A recent ruling by a U.S. District Court in Washington, D.C. has established that artistic creations generated solely by artificial intelligence, devoid of human input, cannot be

granted copyright protection under United States law.

In her decision on Friday, U.S. District Judge Beryl Howell upheld the stance of the U.S. Copyright Office, which had previously rejected an application submitted by computer scientist Stephen Thaler on behalf of his autonomous system known as DABUS (Device for the Autonomous Bootstrapping of Unified Sentience). The Copyright Office's refusal follows a series of setbacks for Thaler in his attempts to secure U.S. patents for inventions attributed to DABUS.

The realm of generative AI has given rise to distinctive intellectual property challenges. Notably, the Copyright Office declined to grant copyright status to images produced via the AI system Midjourney, despite the artist's contention that the AI played a role in their creative process.

Emerging legal disputes also pertain to the utilization of copyrighted works for the training of generative AI systems without the authors' consent.

"We stand at the brink of uncharted territory in the realm of copyright, with artists incorporating AI into their creative toolkit," Judge Howell observed. She anticipates that this integration will prompt "complex questions" regarding copyright law. Nevertheless, she emphasized that the current case is less intricate.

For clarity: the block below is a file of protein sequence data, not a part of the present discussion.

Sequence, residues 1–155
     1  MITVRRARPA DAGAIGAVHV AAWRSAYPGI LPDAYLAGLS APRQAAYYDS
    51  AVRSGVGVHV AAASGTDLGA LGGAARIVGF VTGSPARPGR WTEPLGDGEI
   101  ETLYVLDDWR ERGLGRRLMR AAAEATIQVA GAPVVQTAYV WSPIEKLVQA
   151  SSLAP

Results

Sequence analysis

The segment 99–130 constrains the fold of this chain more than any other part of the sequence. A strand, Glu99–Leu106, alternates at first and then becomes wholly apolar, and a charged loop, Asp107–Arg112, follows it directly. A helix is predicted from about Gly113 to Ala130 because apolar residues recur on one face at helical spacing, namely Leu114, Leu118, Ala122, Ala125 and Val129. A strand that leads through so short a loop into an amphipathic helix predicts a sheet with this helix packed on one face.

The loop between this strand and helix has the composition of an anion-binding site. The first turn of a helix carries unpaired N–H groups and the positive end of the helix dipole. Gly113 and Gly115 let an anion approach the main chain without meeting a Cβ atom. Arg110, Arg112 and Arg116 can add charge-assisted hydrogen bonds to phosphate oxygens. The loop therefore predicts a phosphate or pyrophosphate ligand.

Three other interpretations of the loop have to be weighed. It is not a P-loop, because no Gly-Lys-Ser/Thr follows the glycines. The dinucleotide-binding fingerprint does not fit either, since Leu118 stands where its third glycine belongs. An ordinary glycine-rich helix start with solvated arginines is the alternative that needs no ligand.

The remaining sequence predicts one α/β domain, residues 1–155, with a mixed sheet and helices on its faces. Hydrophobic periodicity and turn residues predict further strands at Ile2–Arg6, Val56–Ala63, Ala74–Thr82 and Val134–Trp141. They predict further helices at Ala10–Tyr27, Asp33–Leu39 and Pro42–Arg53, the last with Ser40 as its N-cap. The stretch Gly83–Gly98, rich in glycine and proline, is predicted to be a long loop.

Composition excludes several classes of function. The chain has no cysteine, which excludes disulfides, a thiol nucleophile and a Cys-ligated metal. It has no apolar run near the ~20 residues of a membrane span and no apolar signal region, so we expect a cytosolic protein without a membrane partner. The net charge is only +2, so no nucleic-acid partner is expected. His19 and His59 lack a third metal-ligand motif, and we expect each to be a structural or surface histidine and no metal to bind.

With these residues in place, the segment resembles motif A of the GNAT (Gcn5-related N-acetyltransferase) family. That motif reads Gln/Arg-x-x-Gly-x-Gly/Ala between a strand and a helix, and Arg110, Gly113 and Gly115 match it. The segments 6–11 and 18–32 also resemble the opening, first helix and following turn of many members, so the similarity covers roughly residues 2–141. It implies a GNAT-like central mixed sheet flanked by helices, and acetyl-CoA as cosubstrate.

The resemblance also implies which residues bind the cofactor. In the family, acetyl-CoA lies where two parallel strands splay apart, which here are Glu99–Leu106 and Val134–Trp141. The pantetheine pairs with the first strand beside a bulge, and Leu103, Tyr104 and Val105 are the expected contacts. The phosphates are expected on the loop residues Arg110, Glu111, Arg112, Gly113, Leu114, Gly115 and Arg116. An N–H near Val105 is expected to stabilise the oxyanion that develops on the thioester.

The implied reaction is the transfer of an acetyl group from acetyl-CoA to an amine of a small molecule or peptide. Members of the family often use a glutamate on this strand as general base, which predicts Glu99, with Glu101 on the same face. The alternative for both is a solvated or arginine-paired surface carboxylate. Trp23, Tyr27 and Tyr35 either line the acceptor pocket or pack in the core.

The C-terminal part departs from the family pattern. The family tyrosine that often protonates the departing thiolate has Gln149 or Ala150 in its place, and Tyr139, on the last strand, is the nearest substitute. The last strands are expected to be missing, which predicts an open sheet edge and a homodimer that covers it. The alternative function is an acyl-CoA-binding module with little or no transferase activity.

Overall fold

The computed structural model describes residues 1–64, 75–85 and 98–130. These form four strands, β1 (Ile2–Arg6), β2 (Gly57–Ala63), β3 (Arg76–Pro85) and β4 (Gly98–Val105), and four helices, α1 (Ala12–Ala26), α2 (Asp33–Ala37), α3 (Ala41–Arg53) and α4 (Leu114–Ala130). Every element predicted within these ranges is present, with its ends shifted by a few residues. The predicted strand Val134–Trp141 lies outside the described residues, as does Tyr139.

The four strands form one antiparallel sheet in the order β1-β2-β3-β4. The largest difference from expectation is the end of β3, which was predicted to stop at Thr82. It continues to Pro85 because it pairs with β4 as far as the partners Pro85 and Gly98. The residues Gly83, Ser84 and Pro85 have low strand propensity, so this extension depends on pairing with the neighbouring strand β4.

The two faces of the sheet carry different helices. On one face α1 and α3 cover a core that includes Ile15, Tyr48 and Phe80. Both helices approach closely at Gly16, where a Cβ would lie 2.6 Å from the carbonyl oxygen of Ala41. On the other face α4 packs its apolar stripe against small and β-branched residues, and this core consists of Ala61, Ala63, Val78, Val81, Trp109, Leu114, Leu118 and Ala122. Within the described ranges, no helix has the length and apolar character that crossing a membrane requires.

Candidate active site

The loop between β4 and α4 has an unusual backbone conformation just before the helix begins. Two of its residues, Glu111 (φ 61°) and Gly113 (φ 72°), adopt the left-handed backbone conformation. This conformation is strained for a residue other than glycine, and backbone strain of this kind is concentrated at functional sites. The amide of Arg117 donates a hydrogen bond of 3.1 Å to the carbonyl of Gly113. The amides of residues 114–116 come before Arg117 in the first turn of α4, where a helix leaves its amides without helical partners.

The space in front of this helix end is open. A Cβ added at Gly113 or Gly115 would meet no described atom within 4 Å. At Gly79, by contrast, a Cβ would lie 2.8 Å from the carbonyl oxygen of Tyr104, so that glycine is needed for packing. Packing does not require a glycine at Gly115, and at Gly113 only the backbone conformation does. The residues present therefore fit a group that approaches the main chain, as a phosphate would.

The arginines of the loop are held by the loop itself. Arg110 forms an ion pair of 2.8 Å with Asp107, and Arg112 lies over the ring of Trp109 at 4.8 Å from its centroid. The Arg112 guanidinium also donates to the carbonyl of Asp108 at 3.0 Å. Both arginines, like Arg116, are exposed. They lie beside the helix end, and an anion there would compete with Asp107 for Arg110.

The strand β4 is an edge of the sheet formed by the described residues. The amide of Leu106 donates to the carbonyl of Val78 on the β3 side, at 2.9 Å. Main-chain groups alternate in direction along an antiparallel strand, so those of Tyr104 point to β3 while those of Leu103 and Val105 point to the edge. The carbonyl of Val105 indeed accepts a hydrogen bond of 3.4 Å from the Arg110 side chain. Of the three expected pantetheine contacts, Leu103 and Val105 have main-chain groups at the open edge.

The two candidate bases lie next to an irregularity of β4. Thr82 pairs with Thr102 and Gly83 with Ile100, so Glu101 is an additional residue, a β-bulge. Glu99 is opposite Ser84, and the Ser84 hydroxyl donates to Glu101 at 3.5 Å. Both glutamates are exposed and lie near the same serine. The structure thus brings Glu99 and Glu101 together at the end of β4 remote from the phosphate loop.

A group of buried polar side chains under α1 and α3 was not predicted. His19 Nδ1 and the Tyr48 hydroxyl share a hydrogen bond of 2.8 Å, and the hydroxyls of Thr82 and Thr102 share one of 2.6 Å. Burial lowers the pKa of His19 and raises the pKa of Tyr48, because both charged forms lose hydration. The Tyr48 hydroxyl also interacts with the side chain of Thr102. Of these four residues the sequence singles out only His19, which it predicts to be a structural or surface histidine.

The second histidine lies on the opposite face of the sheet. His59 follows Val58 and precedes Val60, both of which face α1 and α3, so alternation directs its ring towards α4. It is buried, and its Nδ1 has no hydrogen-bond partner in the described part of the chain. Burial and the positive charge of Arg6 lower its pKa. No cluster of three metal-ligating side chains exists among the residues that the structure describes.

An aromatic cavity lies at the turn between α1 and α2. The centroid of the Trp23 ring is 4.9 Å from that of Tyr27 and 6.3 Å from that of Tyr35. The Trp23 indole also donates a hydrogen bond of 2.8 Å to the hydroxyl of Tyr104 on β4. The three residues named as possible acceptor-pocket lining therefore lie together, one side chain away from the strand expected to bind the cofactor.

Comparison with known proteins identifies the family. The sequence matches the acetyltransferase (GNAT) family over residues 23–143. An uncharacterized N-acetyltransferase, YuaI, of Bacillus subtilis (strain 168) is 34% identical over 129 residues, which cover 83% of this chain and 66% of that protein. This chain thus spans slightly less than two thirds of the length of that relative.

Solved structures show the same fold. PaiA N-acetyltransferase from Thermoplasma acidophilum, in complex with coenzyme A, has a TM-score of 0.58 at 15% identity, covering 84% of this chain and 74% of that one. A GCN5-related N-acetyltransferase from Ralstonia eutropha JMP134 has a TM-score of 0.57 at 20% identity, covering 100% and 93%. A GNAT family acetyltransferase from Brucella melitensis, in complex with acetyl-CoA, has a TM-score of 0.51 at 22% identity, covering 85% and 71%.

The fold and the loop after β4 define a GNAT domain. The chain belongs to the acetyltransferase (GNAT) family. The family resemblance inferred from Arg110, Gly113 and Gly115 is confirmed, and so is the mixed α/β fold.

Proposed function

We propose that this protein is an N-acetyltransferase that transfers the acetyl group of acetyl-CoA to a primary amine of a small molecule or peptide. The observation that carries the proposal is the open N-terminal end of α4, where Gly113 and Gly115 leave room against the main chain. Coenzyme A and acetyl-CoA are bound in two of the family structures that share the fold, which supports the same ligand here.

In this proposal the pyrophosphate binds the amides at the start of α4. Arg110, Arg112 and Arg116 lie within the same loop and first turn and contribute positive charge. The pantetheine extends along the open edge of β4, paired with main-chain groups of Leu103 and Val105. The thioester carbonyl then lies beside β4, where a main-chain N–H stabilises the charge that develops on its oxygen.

Thaler had initially sought copyright protection in 2018 for a visual artwork titled "A Recent Entrance to Paradise," which he asserted was produced entirely by his AI system, free from any human intervention. The application was rejected last year by the Copyright Office, which insisted that copyrightable works must have a human origin.

Challenging this decision in a federal court, Thaler argued that the requirement of human authorship lacks a solid legal foundation. He contended that allowing AI-generated works to receive copyrights aligns with the constitutional aim of copyright law – to "promote the progress of science and useful arts."

In support of the Copyright Office's stance, Judge Howell affirmed that human authorship forms a foundational element of copyright, rooted in "centuries of settled understanding." Despite Thaler's disagreement with the verdict, he and his attorney, Ryan Abbott, have expressed their intention to appeal the decision. The Copyright Office has not yet commented on the matter. Photo by mikemacmarketing, Wikimedia commons.